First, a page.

Simple questions often have a complex answer that seems discouraging but shouldn’t. I can, and  have, outlined pretty much all the steps in writing a novel and/or a series and how to format for epublication. I’ve outlined how to do it for as little money as possible (though there’s no real way to do it completely for free, you have to have at least one editor and they will cost you) but still I get asked “how.”

So I’m thinking of setting up an ecourse to help people through the process, step by step though of course that brings up all kinds of new questions. Like what do you want/need to know first? Besides write the damn thing; I’m sure there’s something hopeful independent authors are really struggling with and want to know how to do right off the bat.

Let me know what you think in the comments and I’ll try to come up with something to help. Now back to work on this massive bloody novel.

 

Scrivener Series: Export Draft

Scrivener-LogoThis is the sixth installment in my Scrivener Series, which showcases how I use Scrivener  write entire novel series. Be sure to check out my writing process post for quick links to the currently published posts and a preview of what I’m going to cover next.

In a perfect world (but unfortunately not the current reality) the novel in it’s umpteenth draft is finally complete and I’m ready to move it out of Scrivener for final edits prior to formatting. Why export now and not after the final edits? Two reasons.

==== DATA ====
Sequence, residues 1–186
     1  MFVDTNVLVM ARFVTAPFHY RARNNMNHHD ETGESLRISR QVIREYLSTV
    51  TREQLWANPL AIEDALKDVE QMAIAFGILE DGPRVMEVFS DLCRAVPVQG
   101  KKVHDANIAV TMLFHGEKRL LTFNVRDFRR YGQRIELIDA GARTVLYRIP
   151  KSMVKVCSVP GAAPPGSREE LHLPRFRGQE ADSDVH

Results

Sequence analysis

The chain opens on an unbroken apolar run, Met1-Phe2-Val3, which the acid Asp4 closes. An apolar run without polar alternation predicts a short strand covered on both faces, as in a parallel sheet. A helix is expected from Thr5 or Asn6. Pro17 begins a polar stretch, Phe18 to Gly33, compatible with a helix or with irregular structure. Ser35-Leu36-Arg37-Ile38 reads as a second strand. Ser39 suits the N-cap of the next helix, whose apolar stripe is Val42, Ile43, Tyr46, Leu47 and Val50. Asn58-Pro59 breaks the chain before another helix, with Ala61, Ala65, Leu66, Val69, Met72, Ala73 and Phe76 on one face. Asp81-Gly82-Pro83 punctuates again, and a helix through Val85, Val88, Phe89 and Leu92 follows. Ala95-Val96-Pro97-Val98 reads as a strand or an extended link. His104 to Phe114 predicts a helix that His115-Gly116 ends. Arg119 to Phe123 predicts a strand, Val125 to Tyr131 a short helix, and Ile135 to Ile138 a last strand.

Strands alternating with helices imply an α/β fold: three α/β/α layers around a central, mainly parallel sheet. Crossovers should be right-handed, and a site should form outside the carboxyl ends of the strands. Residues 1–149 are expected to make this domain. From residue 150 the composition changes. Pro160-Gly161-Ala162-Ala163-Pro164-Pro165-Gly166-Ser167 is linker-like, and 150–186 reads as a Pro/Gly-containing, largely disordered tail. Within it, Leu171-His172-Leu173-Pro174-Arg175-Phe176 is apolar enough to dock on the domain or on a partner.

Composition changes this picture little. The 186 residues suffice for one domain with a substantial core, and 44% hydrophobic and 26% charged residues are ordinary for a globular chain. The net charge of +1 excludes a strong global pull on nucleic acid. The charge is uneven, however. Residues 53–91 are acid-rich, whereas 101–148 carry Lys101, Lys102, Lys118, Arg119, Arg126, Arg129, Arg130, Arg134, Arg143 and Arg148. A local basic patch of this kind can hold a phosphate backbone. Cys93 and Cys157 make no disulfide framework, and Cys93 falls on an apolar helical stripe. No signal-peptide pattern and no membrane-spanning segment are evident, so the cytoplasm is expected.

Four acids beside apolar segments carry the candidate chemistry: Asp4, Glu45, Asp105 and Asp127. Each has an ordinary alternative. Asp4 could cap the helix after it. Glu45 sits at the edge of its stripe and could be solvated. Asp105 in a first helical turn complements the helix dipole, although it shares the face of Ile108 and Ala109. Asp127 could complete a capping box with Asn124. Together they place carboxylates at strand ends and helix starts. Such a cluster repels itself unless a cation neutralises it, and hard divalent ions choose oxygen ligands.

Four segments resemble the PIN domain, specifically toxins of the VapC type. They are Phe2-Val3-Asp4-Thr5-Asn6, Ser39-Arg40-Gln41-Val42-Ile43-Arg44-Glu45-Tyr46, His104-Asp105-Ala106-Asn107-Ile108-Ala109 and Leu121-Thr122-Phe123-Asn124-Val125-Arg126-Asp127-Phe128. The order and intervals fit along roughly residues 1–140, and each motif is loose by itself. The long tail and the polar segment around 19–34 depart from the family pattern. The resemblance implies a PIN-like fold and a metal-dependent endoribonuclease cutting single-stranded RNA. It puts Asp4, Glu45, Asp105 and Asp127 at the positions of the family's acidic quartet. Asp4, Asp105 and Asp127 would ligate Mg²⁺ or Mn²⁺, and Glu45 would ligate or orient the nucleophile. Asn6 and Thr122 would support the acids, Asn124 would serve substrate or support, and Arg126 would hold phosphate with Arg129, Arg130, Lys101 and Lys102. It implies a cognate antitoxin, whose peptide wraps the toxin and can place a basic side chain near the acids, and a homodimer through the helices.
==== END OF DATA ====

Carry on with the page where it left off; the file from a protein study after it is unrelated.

Formatting

Ebooks have different formatting needs depending on your method of distribution and print on demand books have even more formatting hells to go through before you can hold your book in your hands. Scrivener is awesome in so very many ways but when it comes to the down and dirty of formatting the ‘nuclear’ option is usually the best possible starting point.

The ‘nuclear’ option is where you take your completed edited and beautiful novel in all it’s glory and strip it of all formatting, before painstakingly reapplying it all in a pre-approved method that works with the distributors guidelines.

Scrivener is an awesome tool and it’ll allow you to customize your formatting as you go and export just as you tell it to – but it only takes one little squiggle of errant coding to get your novel rejected by the distributor for puzzling and seemingly invisible reasons. To cut that headache out before it can grow roots deep into your precious gray matter, a preemptive strike is necessary.

A Different Perspective

It’s the second reason you’re going to export before you edit. Everyone’s editing process is different but many can agree that seeing your novel in a different way really helps you to find those stubborn errors and weed them out before sending things out to your editor. Some prefer to print the novel out in it’s entirety and work with a red pen directly on paper.